This page is designed to give a brief overview of the options available to you if you have a cash surplus built up in your company.

The first point to consider is how much of the company’s cash is available to invest, declare as dividends etc. and how much needs to be retained in the company to pay the various liabilities as they fall due. It would be wise to only consider the retained profits of the company and not the actual cash in the bank due to the fact that there is normally cash accumulating in the company account to pay VAT and PAYE on a quarterly basis and Corporation Tax on an annual basis (normally 9 months after the company’s year end).

Once you have ascertained the company’s profits you have the following options available to you:

  1. Do nothing
  2. Use high interest accounts/bonds
  3. Take a loan from the company
  4. Distribute the funds as dividends
  5. Make company pension contributions
  6. Invest in stocks and shares.

This is obviously not a comprehensive list of options but does include the main areas that will be of interest to clients. Each option is explained in more detail below.

1. Do nothing

This option is pretty self explanatory and involves doing nothing with the company money other than leaving it in the company account where it can earn interest (probably at very low levels in the current climate).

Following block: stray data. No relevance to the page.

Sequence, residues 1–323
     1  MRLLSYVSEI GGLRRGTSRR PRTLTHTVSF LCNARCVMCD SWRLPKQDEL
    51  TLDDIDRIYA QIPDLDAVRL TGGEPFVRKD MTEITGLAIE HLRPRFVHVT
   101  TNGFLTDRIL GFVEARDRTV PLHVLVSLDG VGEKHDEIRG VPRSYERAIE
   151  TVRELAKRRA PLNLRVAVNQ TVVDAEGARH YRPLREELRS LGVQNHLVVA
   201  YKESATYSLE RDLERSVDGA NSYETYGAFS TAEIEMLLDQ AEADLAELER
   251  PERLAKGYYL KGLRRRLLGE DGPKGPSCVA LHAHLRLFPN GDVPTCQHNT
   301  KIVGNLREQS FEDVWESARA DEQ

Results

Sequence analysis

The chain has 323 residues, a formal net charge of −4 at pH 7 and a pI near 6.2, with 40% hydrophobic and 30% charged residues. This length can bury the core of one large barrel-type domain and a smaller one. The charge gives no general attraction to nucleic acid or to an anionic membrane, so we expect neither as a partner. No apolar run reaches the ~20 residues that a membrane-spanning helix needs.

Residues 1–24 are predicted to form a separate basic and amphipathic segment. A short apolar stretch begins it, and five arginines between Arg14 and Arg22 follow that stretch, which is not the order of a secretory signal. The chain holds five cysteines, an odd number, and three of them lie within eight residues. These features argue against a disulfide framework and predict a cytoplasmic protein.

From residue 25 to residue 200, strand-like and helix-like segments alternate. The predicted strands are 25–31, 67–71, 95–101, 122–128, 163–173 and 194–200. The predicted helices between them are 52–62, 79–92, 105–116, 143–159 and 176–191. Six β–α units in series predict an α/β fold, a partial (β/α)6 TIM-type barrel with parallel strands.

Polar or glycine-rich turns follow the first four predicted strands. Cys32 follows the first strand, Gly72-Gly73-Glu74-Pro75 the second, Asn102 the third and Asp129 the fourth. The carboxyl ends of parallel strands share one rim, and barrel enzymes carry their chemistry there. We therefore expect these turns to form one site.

2. Utilise High Interest Accounts/Bonds

This option takes the ‘doing nothing’ option one step further. If you have no immediate plans to use the company’s cash you could put it on deposit in a high interest account or company bond, normally you can secure a higher interest rate by agreeing to tie the funds up on deposit for a specific period of time (30 days, 90 days, 6 months, one year etc.). You should, however, remember that once deposited the money is tied up for the whole period and there are normally penalties for wanting to withdraw the funds before the settlement date.
You may be considering these two options as part of your exit strategy for the future if or when you decide to cease contracting and retire perhaps. Many people will accumulate retained profits in the company and distribute these as capital upon closing the company down as this can normally have tax advantages in the form of a lower rate of tax compared to dividends.

3. Director's Loan

This option is not normally advisable due to the potential tax liabilities involved, however, in certain circumstances it can be used.

4. Distribute as Dividends

Instead of retaining the profits in the company you may want to declare them as dividends. It is normally advisable to declare dividends each tax year to take your total gross income (salary, dividends, interest etc.) for the year at least up to the basic rate threshold (£43,000 for 2016/17) due to the fact that dividends are taxed at a lower rate than salary of 7.5%. The first £5,000 in dividends is tax free. However, what happens if your total income exceeds the basic rate threshold? In this case, there will be additional tax to pay on the dividends of 32.5%. It may still be advantageous to do this and suffer the additional tax now as you will be able to enjoy the benefits of the dividends received and know the level of tax that will be paid. It is quite feasible that in the current economic climate additional taxes on dividends may be introduced and by retaining profits to distribute at a later stage, you may expose yourself to this risk.